Not good because you need more leads.  

If you wish that there was a way to get more people to pay attention to, there is actually a way.

And it’s PPC, of course. To get some emails, you need a well-crafted PPC campaign that leads people to the landing page where they can sign up to receive the content.  

You can try to bring people with keyword-based ads promoting the lead magnet. If you choose the right keywords, the ads have a much greater chance to attract leads than SEO alone.  

This is how it works: PPC does the job bringing in visitors, the content converts them into leads by having them complete the capture form.  

To increase the chance of people signing up, the value of content is critical. But, the visual appeal is also a major consideration. You need tools for creating visual content like images, graphics, and infographics to add to your lead magnets.  

3. Better marketing campaign performance thanks to a smart keyword use

Many businesses out there don’t realize they can bring much more quality traffic to their websites if they focus on best-performing keywords in both SEO, content marketing and PPC.  

Much more traffic.  

When an SEO/content marketing specialist and a PPC marketer share a list of relevant keywords, they can decide how to divide them to: 

  • Target the most promising keywords together to bring the most traffic 
  • Identify the keywords that are the most difficult for SEO and target them with PPC and the other way around
  • Define which search queries to focus on with each lead acquisition strategy

Ultimately, the cooperation between the PPC and SEO teams can result in a much more effective keyword strategy. In turn, this strategy could attract more traffic to your websites. 

Important note

To make content keyword optimization work, you need to master searcher intent or purchase intentPut simply, searcher intent is the reason behind a search query.  

For example, the query “Samsung a10 review” implies that the searcher is looking to do some research but has not made the decision yet. If they search Google for “buy Samsung a10 cheap”, then they might be ready to buy.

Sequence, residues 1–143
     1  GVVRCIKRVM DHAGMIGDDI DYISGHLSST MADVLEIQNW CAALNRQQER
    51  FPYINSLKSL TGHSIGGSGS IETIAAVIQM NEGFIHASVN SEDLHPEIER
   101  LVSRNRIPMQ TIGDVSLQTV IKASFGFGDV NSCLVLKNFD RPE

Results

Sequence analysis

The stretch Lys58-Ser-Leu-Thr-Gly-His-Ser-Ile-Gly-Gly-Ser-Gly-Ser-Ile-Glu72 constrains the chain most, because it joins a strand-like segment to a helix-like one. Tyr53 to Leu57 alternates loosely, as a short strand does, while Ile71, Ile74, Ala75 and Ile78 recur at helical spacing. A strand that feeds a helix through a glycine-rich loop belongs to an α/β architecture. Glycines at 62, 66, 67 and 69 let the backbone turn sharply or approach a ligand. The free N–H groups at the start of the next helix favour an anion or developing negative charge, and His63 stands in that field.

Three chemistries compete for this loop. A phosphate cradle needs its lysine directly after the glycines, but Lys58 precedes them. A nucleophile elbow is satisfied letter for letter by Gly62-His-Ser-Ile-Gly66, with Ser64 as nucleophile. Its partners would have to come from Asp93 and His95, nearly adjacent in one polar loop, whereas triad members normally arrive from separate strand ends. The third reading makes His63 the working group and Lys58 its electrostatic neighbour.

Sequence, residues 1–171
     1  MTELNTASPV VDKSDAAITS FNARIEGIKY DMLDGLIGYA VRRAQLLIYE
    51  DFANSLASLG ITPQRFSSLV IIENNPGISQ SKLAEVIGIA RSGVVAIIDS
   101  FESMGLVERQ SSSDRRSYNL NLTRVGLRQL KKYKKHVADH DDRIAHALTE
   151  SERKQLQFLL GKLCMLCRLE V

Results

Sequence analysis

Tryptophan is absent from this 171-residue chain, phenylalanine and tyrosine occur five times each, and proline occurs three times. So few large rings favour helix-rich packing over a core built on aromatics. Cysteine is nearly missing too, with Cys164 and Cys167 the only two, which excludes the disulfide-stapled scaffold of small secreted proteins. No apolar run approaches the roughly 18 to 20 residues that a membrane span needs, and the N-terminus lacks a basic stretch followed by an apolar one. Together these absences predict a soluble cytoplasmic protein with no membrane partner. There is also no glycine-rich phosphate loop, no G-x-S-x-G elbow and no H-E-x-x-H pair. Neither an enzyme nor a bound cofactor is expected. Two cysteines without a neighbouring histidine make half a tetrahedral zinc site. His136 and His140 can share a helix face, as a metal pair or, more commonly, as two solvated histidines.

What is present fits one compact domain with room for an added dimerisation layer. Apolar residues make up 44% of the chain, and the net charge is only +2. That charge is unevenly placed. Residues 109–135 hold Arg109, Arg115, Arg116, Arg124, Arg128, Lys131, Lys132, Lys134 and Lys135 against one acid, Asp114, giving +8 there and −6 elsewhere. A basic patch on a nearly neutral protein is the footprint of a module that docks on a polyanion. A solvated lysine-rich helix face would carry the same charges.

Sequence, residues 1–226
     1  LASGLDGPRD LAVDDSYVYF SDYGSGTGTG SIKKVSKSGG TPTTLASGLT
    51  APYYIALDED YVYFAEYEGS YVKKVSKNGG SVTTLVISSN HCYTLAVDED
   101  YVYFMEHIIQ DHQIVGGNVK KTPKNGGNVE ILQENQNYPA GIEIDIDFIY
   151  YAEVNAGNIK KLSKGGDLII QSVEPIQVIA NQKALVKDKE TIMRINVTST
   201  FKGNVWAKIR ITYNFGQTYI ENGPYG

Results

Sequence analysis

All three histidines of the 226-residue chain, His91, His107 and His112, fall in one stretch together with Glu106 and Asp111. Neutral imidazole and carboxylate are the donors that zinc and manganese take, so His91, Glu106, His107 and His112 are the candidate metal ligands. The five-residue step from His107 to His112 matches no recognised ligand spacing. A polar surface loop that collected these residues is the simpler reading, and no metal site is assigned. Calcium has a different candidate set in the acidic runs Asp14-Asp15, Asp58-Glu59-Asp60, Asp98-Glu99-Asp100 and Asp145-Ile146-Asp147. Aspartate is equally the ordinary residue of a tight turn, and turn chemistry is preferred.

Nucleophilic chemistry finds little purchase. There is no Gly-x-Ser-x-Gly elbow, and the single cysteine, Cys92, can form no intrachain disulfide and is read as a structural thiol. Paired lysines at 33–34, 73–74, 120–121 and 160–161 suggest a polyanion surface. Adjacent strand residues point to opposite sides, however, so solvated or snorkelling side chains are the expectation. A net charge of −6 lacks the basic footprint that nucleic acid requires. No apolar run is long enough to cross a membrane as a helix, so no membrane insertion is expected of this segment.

Each intent defines how you should create content. It matters a lot for SEO because Google’s goal is to provide its users with the most relevant results.  

Dive Deeper: Tapping into Google’s Algorithm for Searcher Intent. 

4. Create landing pages that convert more visitors

A landing page is the heart of any PPC marketing.  

But, in many cases, PPC specialists aren’t the best persons to write the copy for it. By engaging content and SEO specialists and having them work with PPC folks, you can create a keyword optimized copy that also appeals to the readers.  

For example, PPC specialists can provide keywords and ideas for optimized headings and subheadings for attracting traffic. In turn, content writers contribute by creating a copy that’s easy to read and entices the visitors to act.  

So, the collaboration of PPC and SEO/content teams can result in campaign landing pages that generate clicks and converts.  

A good way to start doing PPC campaign landing pages is to create a checklist to cover all bases. This checklist can include images, copy, sign up options, etc. 

Know more: Studying the anatomy of a successful high-conversion landing page

SEO and PPC: Two are better than one